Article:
HomeEssay 2: Primary Sources

Essay 2: Primary Sources

Essay 2 focuses on the analysis of primary textual sources. Each one of the collections listed on the website includes a few selected letters to serve as a starting point for the essay. The goal is to place the documents in historical context and connect them to some of the larger topics discussed in the course.

Source Collections

CCT 1-44


This collection consists of four letters found at the Assyrian commercial settlement (kārum) in Kaneš.
PBS 7-7

Agricultural Management

This collection consists of three Old Babylonian letters related to agricultural activities.

Great Kings

This collection consists of three letters addressed to the king of Egypt, two from the king of Assyria, and one from the king of Babylon.


This collection consists of two letters from the king of Babylon to the king of Egypt.

Marriage Diplomacy

This collection consists of two letters between the Babylonian and Egyptian kings.

Small Kings

This collection consists of four letters addressed to the king of Egypt by the rulers of small city-states in the Levant.


This collection consists of two letters from the king of Alashiya to the king of Egypt.



Rise and Fear: The Assyrian Disruption

by Ricardo Jasso Huezo

What were the consequences of the rise of Assyria in the international political system of the Late Bronze Age? How do the letters sent to the Pharaoh by the Babylonian and the Assyrian kings reflect the political reality surrounding the Ascension of Assyria to the apex of the hierarchy of the distribution of power?


Under the Guise of Greatness

by Robert Ledniczky

The international age of the Near East was defined by the interactions and interrelation between the "Great Kings" of the region. Who were these kings? What qualified a king for a seat at the table of power? And who decided who was allowed to sit? This project explores two of the Amarna letters from one of the lesser known Great Kings, the king of Alashiya, to explore the dynamic between the long established Great Kings, and those who sought to establish their own power.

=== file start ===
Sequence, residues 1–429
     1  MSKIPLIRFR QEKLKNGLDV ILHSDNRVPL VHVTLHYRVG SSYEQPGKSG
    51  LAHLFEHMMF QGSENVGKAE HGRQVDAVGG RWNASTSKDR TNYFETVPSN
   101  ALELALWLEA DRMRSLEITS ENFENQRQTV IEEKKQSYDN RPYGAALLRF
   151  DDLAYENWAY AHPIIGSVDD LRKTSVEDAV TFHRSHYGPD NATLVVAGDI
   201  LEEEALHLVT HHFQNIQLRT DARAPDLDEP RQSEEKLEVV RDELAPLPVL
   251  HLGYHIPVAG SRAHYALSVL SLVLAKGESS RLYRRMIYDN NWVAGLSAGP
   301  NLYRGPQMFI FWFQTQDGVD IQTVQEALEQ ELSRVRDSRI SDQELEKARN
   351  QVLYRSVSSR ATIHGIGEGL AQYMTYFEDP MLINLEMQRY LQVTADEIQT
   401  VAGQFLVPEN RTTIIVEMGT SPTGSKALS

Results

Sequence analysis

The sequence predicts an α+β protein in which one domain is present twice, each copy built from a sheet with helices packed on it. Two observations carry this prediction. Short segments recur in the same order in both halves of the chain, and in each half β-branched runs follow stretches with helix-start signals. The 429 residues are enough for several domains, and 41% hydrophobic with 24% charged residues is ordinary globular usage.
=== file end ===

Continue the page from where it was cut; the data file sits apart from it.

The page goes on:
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Egyptian Imperial Policy in Canaan During the Amarna Period

by Andrew Pottorf

The Amarna letters provide intimate details concerning Egypt’s control over the Levant during the famously international Late Bronze Age. Many of the letters, particularly from the province of Canaan, indicate, however, that there were many issues with disorder and intercity conflicts. This essay reviews some of these issues while arguing that Egypt actually effectively managed Canaan through highly organized administration and communication as well as exploitation of competing client kings. Given the fact that the Levant was never united in the Bronze Age, Egypt’s imperial policy may have been efficient in its involvement with what seemed to be constant conflicts.


Marriage Diplomacy: The Power Brokering of the Ancient Near East

by Ameek Shokar

The Near East was fully integrated into an international system that included the entire region. A number of large territorial states interacted with one another as equals and rivals, but they all remained invested in the use of diplomacy to maintain the overall status quo. Diplomatic marriages played a key role by confirming these close relations and strengthening the idea that the Great Kings of the Near East all belonged to the same community.